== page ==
http://www.yuma.usmc.mil/desertwarrior/2010/03/11/feature6.html

There is a simple explanation why Marines do it. The Marine Corps blows complete and total ass. There are many ways they do this and I can’t hope to possibly explain it all.

For one, you are a government slave bound to follow the ridiculous whims of your Officers and Staff NCOs. Some of these tasks will push Marines to borderline suicidal levels. For example, I knew a section that did nothing all morning and afternoon. Just before they were about to be released, their douchebag Warrant Officer would dump a shitload of “high priority” work on them. Of course none of this work was “high priority” and could have been done tomorrow. These Marines had no choice unless they want to lose money and rank.

One negative effect of this is that Marines would have to spend extra time beyond their normal working hours. What remains unseen are Marines not having time to see their families, their loved ones, have fun or even relax. It makes life more stressful.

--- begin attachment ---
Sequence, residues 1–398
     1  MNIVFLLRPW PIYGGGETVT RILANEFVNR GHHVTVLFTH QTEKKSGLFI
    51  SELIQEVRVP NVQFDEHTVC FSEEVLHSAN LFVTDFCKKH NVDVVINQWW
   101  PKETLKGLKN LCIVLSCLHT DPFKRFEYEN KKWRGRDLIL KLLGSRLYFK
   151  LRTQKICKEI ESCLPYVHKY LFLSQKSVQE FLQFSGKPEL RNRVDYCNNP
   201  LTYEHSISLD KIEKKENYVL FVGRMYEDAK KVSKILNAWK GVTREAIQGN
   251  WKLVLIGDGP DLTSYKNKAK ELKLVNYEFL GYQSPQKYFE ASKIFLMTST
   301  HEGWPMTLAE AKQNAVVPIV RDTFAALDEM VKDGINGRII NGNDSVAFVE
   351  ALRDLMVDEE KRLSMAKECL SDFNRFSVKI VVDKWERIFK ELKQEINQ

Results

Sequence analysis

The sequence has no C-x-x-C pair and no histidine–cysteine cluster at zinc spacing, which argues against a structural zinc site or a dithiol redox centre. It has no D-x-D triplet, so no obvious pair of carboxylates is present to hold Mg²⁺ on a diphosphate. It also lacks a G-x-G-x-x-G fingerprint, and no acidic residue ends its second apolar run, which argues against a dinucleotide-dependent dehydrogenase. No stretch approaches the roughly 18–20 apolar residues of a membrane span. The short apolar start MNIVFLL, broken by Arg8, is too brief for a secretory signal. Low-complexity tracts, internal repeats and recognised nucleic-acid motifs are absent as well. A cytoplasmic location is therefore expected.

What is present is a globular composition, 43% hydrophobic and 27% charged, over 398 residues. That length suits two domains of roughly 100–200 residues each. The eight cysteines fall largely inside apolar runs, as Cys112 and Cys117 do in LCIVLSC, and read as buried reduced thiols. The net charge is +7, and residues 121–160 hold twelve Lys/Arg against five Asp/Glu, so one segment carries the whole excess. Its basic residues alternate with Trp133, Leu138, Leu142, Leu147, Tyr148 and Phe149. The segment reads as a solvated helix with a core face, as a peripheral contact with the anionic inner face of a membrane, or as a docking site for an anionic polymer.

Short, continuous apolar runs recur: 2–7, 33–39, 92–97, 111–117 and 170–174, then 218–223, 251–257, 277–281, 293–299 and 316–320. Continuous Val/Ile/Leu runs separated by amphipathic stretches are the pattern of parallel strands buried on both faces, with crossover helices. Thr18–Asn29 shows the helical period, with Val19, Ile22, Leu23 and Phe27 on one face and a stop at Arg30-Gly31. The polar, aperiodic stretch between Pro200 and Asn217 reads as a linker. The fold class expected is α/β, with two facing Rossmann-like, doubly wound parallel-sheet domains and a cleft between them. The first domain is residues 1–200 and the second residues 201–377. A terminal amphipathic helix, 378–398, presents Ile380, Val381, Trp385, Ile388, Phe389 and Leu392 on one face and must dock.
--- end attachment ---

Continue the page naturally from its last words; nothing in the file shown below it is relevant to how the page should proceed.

There are several questions that I want to ask of that Warrant Officer. Why can’t they complete those turnover binders tomorrow and not that night? Why did you dump it on them at the last minute? Who is failing? This is just one example of things higher ups can do that can prevent thoughts of suicide.

A suicide brief is given everytime a Marine kills himself in my unit. Holy crap, they are boring. You sit on your ass for hours while there’s someone who talks on and on about suicide, ways people commit suicide, suicide success rates, why people commit suicide, the works. Is this really the solution?

Instead of asking themselves where do all these problems come from, higher ups just look for solutions. Never once in my Marine Corps career has anyone asked me if I would commit suicide and why.

If you’re thinking about suicide, do what I did. Say to yourself, “Just *insert number of years left in the Marines* more years left.”

On a side note, I added the USMC Hall of Fame section to the “A Few Good Links” section.

Watching shadows since 1775.